I know there's a lot of talk of HSR throughout Britain, and it really is inevitable that it will need to be built sooner or later. But these proposals seem to come and go, and speculation is the only thing that remains. I'd love for there to be a decent HSR system in my home country, I'm just hoping that it will be built and operating before I'm too old to use it.

With so many airlines facing hardship, thousands more passengers using rail, fuel prices going up and environmental issues to consider, any objectively thinking person would realise that this needs to be constructed.
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Old August 10th, 2008, 05:56 PM   #96
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What is the likeliness of this actually being realised?
I think there's a good chance that they will have made a start on High Speed 2 within the next 10 years - initially the London - Birmingham section, followed by an extension to Manchester.
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Old August 10th, 2008, 09:15 PM   #97
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It might be realized more there due to all the taxes on vehicles using petrol that are charged going into London. Also, with England's carbon tax, it is very high in comparison to other nations? This would lead the high-speed rail to gain support since more people might be able to eliminate vehicle usage since long distance train travel could be accomplished in a manner of hours.
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Old August 11th, 2008, 08:56 AM   #98
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Damn, those electric high speed lines should be in service TODAY, not in 17 years. This ******* Iraq War is draining resources from Britain as well I see.
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Old August 13th, 2008, 12:48 AM   #99
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No, it's transport being 17th on the list or whatever of things that voters care about - after health, education, crime, pensions, house prices, the England football results, the EU, immigration, terrorism, charisma of politicians, who killed Diana, fox hunting, who will win Big Brother, unemployment, taxation and finding Maddie* - that means that we don't have an HS2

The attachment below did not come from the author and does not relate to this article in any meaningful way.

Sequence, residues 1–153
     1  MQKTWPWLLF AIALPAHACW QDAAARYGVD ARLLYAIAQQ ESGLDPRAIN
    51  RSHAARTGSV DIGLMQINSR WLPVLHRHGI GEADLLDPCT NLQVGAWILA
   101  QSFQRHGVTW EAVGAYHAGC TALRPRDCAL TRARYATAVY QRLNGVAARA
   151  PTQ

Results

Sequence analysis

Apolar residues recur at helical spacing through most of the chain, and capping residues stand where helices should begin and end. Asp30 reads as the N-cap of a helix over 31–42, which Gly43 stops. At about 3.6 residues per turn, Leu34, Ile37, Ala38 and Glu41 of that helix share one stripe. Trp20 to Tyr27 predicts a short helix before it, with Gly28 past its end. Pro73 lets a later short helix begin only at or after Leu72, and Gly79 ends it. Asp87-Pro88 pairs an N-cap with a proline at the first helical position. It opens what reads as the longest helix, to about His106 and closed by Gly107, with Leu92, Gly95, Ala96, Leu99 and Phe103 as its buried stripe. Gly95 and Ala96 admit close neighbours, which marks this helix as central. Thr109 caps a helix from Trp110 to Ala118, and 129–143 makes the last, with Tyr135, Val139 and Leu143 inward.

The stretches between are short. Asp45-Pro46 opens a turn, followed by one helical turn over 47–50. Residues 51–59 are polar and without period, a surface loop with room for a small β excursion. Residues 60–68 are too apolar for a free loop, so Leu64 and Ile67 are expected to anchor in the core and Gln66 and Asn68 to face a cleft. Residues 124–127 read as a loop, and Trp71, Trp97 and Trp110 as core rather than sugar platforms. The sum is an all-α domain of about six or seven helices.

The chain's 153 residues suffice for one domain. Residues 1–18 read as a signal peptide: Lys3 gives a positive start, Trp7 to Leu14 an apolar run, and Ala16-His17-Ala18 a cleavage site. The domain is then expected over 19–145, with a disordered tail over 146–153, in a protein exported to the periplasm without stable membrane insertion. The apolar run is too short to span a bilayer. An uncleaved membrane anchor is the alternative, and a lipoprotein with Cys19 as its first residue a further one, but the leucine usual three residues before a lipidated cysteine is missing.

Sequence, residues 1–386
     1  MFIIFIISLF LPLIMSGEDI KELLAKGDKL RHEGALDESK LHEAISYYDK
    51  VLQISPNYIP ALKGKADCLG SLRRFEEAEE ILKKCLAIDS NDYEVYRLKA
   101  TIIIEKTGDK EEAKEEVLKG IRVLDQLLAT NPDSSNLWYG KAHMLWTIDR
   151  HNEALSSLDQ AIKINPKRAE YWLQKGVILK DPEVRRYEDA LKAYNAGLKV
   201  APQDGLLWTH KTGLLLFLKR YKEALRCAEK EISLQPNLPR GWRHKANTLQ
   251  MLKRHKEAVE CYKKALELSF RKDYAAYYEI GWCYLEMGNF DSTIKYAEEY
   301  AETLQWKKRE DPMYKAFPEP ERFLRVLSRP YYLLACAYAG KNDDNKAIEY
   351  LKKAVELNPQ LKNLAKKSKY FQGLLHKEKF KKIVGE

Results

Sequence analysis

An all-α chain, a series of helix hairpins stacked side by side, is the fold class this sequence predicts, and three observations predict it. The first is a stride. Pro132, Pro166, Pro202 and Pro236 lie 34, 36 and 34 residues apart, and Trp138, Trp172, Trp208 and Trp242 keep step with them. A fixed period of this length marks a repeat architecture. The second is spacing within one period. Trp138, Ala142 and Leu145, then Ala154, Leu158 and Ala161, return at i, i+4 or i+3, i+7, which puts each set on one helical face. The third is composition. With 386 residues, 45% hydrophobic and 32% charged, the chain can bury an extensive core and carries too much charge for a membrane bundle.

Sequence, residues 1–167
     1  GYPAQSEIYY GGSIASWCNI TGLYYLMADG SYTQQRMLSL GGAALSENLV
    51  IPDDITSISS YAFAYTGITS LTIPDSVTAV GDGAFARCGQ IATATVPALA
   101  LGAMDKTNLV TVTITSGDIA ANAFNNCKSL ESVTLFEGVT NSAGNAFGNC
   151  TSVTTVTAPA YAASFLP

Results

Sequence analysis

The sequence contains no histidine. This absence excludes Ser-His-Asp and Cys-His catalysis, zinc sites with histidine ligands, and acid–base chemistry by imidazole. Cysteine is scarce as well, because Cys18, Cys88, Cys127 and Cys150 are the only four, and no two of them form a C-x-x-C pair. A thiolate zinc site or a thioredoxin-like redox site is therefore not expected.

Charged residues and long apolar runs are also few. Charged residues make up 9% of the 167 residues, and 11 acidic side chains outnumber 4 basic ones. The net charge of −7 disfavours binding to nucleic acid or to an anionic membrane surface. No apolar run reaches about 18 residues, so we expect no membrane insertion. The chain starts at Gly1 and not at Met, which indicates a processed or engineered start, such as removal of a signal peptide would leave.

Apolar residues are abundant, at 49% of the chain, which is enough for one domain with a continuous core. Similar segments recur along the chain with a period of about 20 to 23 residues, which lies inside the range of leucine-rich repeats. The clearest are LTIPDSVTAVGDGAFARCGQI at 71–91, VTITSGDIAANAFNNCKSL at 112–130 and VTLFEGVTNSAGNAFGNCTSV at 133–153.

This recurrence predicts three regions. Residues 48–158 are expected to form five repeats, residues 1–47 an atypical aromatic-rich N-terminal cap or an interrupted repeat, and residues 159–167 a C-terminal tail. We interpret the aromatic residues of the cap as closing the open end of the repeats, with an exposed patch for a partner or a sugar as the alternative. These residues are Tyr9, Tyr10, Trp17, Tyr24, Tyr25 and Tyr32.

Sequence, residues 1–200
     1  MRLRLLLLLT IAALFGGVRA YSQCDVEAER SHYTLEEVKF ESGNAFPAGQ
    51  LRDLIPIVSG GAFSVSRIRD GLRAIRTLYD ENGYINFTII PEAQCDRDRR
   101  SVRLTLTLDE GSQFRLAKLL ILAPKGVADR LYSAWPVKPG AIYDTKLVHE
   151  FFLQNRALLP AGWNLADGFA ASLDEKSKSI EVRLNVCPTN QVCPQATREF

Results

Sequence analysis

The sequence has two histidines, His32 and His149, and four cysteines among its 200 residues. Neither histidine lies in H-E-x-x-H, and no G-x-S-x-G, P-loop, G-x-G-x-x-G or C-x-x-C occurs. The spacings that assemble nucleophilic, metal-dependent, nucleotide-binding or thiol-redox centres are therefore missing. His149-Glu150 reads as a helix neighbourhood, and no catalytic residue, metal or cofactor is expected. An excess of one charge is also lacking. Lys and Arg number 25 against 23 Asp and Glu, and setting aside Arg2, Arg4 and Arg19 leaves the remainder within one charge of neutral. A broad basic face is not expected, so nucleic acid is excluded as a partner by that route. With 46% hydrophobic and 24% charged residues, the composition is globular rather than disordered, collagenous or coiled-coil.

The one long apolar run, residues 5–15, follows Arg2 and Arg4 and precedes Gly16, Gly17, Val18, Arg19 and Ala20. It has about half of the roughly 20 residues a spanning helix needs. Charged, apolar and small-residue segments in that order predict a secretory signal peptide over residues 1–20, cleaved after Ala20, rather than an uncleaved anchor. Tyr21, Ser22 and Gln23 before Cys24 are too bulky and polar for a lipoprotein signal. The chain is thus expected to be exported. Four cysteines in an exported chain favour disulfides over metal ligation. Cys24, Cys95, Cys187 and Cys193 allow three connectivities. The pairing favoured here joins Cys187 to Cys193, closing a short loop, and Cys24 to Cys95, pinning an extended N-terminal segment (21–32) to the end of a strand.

Because the politicians don't get many votes in it, they don't see it as a priority. Iraq's not really cost that much (OK, more than the transport budget), however no one seems to want to blame funding students through post-16 education, or shoddy management of money in the NHS, or overpaying MPs, or our subsidy of projects in Spain, Ireland, Greece etc over the years. Why is it always Iraq? If we hadn't gone, the money still wouldn't have been put into transport. And we've cost cut on Iraq in shocking ways - what country sends it's troops into a war zone without proper equipment? To be honest, the Americans would have gone anyway, and we'd still be there, doing the same things - peacekeeping and handing over power to the Iraqi state.

*note some of these may not be actual things - transport is about 10th on all three main parties priority list, however - all I've done is added some hyperbole to hammer home the point that the country doesn't care that much about high speed lines - it likes the idea of them, but it's just not important enough to get politicians moving to give us a better transport system.
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Old August 13th, 2008, 12:46 PM   #100
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And if the votors put transport at the top of their agenda they'd have one less thing to maon about, and where would the British be without moaning about something? We'd all die or something. We know the government is too inept to fix the NHS, so we can hammer on at them to fix it safe in the knowledge it will never happen and we can keep moaning. If we don't have transport as well we'll only have the weather, and what with global warming we might run out of things to moan about entirely. We can't have that.